The man in the white suit crashed through the door and ran across the room. His arms flailed in time with his ungainly pace. Saro pulled himself to his feet; Diggs and Becker followed suit. Johnson raised his tumbler to his lips and let the heat of the Jack Daniels enter his mouth.
The deck of cards was still in the dealer’s left hand. The flop was out on the felt. Ace of spades, deuce of clubs, King of spades. Diggs, Becker and Saro had already folded and were more interested in the action off the table. A plain-clothes security guard had spotted the infiltrator, and raced across to meet him, walkie in his hand, calling in backup.
“What the fuck’s going on, man?” Becker shouted at the dealer, even though he was only two feet away. He’d been pissy since he misplayed his ladies and lost most of his stack to Diggs.
“Sort it out. Get him ouddahere.” Saro joined in.
The ice had almost melted. It had been frozen in a perfect cube when he received it. One rock. Always only one rock. Enough to bring the Jack to the right temperature. Johnson drained the glass and settled back in his chair.
His cards lay face down on the table; on top of them sat a heavy circular platinum chip.
“Get that clown out of here,” Saro barked again.
The dealer shouted, “Floor!” but all eyes were already on the man in the white suit. All eyes apart from Johnson’s and Bale’s. Bale hadn’t moved an inch, sitting there in seven, diagonally across from Johnson. They were the only ones still in their seats, still in the game.
Action was on Bale. Twenty-five grand in the pot, Johnson understood why Bale didn’t leap up like the others; he needed the money. His bankroll wasn’t big enough to let a pot like this go.
A waitress passed behind Johnson; he tapped her arm and waved his glass. She nodded, silently, and moved quickly, her eyes not leaving the man running across the casino floor.
The security guard was almost on him, and a second had entered from behind the blackjack tables. Two others moved in from the slots zone. Johnson looked at Bale, Bale looked at Johnson.
Bale was running a single five grand chip over the fingers of his right hand. He had twenty grand in front of him. He started the night with three hundred. Fortune had not favoured him. Either that or he was a bad player.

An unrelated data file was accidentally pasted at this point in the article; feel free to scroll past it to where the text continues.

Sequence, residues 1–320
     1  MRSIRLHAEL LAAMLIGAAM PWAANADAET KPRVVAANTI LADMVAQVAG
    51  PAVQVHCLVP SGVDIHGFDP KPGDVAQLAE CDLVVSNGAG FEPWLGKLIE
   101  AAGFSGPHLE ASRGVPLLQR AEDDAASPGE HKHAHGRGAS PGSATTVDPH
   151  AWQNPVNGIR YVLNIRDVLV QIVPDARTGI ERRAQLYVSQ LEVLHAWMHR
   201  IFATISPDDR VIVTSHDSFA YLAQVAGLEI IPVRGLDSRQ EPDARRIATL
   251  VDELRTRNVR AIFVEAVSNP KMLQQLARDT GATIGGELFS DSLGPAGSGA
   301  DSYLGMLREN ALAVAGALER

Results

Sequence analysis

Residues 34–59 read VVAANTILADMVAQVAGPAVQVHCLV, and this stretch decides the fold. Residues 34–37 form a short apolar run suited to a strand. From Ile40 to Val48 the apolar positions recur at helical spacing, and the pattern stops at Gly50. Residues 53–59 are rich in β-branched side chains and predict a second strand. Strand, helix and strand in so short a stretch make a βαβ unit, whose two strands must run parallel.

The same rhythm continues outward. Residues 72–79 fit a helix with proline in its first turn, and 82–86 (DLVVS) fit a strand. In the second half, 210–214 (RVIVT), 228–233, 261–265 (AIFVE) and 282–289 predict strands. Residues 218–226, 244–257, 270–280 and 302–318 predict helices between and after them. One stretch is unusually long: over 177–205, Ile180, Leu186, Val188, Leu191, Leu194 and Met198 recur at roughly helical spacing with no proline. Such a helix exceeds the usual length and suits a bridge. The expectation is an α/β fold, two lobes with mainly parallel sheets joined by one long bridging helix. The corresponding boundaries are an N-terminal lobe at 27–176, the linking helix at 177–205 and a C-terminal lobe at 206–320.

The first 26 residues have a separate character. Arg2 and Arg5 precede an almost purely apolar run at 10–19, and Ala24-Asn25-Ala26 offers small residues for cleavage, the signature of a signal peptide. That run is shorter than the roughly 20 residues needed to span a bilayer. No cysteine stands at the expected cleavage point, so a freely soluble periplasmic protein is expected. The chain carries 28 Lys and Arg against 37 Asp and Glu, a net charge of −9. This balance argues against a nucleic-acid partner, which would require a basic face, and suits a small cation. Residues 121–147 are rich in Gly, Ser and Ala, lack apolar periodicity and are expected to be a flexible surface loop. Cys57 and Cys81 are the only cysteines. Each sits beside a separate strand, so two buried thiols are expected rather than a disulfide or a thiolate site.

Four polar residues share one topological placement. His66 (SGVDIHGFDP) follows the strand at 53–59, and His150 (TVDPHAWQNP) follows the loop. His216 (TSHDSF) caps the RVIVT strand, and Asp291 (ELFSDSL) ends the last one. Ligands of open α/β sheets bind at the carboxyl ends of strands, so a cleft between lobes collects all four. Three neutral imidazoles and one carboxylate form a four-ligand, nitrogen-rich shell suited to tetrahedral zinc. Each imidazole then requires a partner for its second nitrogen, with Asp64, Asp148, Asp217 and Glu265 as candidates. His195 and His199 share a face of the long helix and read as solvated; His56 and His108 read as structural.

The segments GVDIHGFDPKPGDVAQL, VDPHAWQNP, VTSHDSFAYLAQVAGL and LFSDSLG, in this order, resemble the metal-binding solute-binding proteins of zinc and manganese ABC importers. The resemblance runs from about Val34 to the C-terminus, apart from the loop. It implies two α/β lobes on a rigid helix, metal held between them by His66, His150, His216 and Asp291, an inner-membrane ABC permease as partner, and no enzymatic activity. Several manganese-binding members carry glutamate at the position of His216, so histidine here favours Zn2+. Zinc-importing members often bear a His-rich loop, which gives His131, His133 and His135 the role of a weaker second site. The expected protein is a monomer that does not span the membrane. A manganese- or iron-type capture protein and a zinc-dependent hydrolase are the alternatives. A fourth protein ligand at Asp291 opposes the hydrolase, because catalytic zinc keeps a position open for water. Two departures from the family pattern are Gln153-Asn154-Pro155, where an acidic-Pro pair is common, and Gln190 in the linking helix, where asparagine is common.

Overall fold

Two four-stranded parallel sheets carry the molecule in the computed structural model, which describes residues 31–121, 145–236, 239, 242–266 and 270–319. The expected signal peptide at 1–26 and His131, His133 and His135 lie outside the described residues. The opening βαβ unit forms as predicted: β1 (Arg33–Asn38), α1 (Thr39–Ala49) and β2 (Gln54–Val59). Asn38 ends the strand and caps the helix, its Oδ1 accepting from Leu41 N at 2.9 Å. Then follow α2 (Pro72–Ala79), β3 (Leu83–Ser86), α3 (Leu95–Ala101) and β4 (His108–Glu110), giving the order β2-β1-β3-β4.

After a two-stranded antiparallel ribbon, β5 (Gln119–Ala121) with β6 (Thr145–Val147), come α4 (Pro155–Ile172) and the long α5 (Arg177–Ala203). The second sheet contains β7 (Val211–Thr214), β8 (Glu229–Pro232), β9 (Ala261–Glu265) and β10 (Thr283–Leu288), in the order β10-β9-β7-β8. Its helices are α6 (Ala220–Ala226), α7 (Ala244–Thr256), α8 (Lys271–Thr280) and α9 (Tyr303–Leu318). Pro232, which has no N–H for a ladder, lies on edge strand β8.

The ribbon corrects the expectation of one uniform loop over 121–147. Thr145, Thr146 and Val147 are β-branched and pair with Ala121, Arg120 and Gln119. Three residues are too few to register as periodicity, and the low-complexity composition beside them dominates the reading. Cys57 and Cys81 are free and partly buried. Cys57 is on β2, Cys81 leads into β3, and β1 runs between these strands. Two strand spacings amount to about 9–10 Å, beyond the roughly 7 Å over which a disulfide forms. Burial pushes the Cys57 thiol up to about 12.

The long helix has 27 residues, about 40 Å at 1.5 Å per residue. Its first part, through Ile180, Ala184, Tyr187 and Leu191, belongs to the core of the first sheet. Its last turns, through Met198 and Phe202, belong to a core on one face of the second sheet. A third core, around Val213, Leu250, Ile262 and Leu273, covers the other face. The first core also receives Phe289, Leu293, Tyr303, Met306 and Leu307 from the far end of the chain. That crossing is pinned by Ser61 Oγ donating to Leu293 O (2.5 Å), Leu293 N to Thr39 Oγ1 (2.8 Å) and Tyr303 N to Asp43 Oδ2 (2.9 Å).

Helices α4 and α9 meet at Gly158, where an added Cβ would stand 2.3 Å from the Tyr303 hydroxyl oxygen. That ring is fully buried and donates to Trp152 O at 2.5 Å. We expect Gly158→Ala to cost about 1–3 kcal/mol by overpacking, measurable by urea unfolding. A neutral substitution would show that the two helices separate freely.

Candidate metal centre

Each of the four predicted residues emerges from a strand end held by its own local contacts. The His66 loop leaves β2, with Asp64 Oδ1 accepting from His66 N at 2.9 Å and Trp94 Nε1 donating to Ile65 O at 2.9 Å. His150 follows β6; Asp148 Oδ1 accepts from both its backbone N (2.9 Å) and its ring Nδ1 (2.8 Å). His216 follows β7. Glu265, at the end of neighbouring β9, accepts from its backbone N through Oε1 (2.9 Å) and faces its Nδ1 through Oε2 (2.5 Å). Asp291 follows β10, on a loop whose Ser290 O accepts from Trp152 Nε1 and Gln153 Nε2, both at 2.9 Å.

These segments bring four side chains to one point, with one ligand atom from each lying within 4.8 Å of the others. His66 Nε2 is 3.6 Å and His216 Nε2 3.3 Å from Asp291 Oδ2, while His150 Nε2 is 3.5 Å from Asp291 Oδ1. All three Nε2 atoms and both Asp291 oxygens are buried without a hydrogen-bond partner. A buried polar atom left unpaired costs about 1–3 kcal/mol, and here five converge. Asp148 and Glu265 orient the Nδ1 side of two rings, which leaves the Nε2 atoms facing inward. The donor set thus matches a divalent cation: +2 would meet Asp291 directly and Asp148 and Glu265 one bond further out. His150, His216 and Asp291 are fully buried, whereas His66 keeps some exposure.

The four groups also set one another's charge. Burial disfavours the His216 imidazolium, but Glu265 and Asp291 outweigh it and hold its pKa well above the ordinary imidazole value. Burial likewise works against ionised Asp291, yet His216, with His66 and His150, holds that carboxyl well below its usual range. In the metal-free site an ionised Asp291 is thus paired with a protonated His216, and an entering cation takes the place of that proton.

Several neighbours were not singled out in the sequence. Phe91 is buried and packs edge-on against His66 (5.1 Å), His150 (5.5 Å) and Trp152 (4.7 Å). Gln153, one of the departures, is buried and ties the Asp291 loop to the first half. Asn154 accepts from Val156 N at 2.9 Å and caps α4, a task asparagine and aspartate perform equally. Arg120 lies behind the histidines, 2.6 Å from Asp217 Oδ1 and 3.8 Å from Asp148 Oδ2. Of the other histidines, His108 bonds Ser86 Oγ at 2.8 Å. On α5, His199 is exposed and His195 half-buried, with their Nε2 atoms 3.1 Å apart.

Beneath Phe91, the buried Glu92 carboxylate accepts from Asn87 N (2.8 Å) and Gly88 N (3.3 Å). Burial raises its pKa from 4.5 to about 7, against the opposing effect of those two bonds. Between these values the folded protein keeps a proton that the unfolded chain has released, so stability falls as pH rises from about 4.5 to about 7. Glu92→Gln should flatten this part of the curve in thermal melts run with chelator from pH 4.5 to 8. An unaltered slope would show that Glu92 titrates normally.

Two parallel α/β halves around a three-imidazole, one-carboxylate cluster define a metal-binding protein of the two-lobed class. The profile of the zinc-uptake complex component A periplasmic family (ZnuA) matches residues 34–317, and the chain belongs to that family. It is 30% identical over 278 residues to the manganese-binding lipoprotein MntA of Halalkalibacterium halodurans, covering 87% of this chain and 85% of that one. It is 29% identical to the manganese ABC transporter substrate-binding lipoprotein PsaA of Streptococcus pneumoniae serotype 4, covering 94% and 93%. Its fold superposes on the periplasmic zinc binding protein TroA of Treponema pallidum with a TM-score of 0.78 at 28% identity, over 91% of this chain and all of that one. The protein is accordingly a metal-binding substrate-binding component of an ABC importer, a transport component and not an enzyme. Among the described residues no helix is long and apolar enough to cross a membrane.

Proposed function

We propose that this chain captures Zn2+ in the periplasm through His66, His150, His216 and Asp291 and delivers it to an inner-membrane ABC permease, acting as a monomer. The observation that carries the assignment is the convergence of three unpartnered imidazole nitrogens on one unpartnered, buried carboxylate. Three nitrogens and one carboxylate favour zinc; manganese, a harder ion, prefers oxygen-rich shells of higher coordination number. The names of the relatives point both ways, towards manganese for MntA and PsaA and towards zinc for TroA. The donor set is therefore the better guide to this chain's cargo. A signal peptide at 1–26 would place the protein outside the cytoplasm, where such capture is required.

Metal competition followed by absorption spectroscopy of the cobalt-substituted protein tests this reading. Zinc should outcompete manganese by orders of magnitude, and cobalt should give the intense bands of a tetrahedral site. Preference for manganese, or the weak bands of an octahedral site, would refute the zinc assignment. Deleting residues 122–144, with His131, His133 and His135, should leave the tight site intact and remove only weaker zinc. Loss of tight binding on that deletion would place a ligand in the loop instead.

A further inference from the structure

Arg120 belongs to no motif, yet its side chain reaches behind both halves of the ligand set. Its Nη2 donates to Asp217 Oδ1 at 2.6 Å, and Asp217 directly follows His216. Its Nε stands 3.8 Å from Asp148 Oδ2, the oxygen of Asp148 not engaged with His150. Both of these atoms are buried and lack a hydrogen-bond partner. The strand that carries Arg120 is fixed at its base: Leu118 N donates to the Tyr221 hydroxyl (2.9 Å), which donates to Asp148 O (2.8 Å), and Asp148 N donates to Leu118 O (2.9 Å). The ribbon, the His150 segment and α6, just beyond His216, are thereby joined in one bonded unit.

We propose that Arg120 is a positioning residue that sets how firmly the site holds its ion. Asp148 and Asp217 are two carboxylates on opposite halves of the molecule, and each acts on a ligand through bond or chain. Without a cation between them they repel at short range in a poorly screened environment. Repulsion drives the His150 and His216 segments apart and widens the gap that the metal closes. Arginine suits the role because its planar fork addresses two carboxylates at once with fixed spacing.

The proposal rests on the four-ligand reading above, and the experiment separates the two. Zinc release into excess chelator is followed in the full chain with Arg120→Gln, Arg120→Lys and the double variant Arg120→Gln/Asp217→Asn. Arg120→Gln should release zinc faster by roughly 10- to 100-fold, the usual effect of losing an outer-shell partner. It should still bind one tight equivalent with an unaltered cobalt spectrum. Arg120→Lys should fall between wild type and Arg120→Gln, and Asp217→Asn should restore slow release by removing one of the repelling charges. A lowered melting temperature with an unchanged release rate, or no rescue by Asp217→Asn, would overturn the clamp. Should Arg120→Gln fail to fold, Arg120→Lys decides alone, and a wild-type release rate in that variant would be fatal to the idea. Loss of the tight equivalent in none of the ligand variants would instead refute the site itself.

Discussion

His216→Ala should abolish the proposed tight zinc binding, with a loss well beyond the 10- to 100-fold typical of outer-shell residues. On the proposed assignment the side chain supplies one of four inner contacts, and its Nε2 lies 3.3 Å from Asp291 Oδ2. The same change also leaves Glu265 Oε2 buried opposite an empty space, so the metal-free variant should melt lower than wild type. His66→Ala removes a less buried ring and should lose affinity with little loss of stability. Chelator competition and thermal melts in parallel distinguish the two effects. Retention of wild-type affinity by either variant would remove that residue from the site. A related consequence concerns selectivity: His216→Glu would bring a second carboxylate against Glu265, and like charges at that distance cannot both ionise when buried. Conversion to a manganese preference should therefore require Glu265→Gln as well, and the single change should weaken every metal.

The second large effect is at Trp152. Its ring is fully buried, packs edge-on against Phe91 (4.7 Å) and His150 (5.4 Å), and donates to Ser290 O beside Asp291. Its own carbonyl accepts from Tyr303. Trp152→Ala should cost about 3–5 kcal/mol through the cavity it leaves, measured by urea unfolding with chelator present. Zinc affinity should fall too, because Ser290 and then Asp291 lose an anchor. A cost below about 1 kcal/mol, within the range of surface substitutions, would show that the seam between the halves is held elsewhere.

Diggs left the table, making a beeline for the Farley Skene’s office. Salo and Becker trailed behind him, half looking where they were going, half looking over at the man in the white suit. They weren’t going to get any joy out of the manager. Skene had been running the Lucky Lady for ten years and hadn’t gained his reputation by interfering in personal ‘incidents’. He’d gained it by staying out of them.
Bale looked at the dealer, looked at the pot, and spoke. “We can cancel this one, if you…”
The dealer’s look turned from panic to confusion. This wasn’t the kind of decision he usually had to make.
The first security guard grabbed the man. The man launched a kick into his gut, floored him like a sack of flour. He kept running.
“Under the circumstances...” The dealer started to make a ruling.
Johnson shot him a look.
The dealer gulped visibly and almost spilled the deck onto the table.
“We should finish the hand, sir,” he said to Bale, his voice impotent.
“Really?” Bale sounded incredulous. He waved his hand towards the man in the white suit. “Even though he is here?”
Johnson said nothing. His steel blue eyes never left Bale.
Bale’s exasperation was clear. He banged the table. “Okay, I check.”
The dealer looked over to the man in the white suit, only a hundred yards from them now; the two security guards from slots were almost on him. He was fat and slow. He’d let himself go.
In one cool move, Johnson threw a single chip into the pot.
“Twenty,” the dealer said.
Bale shuffled in his chair and sat upright, more alert, more focussed on the game.
“Big bet, Johnson. You think you have it?” Bale smiled too widely. “That old AK? The Big Slick. You have it?”
Johnson said nothing. A waitress quick-stepped up to him and handed him another Jack. He passed her a ten dollar note.
“I don’t think you have it,” Bale said. He looked down at his stack, and then peeled the corners of his cards up, checking his hand, smiling, smiling too much. “I don’t think you have shit.”
He looked at the dealer and spoke again.
“I’m all in.”
Johnson could hear the man in the white suit now. He was closing in. Fifty yards, the two security guards hanging off him, like baskets on a burro.
“Johnson. Johnson you piece of shit. Johnson.”
He kept running, barely held back by his two six-foot plus panniers.
Johnson took a sip of his Jack. It was the perfect temperature. Just the way he liked it.
Bale wriggled impatiently, but he didn’t look at the man, he stared only at Johnson, or more precisely at Johnson’s stack. He checked his cards again. Once. Twice.
Johnson leaned forward slowly and flicked a chip into the pot.
“That’s a call,” said the dealer.
“Johnson! Look at me you snake. Look at me.” The third security guard was on the man now, his arm hooked around his neck, trying to bring him down.
The dealer looked at Johnson, as if expecting a response, but Johnson’s eyes were on the board, waiting for the turn and river to fall.
The dealer gulped and ran the cards.
Turn seven of diamonds.
River eight of clubs.
“I guess you missed your flush draw, Johnson. Unlucky boss, unlucky.”
Bale reached across the table for the chips, without even tabling his cards.
“Sir?” the dealer said. “Showdown, please.”
“Mr Johnson here is bang out of luck…in more ways than one it seems.”
The man in the white suit was next to the table, only feet away. He’d thrown off the security guard from his back, and he strained against the arms holding him on either side.
“Johnson. I’m here for you. This is the end.”
Johnson took another drink.
He turned his cards to show two red deuces, and spoke for the first time.
“Not tonight, friend. Not tonight.”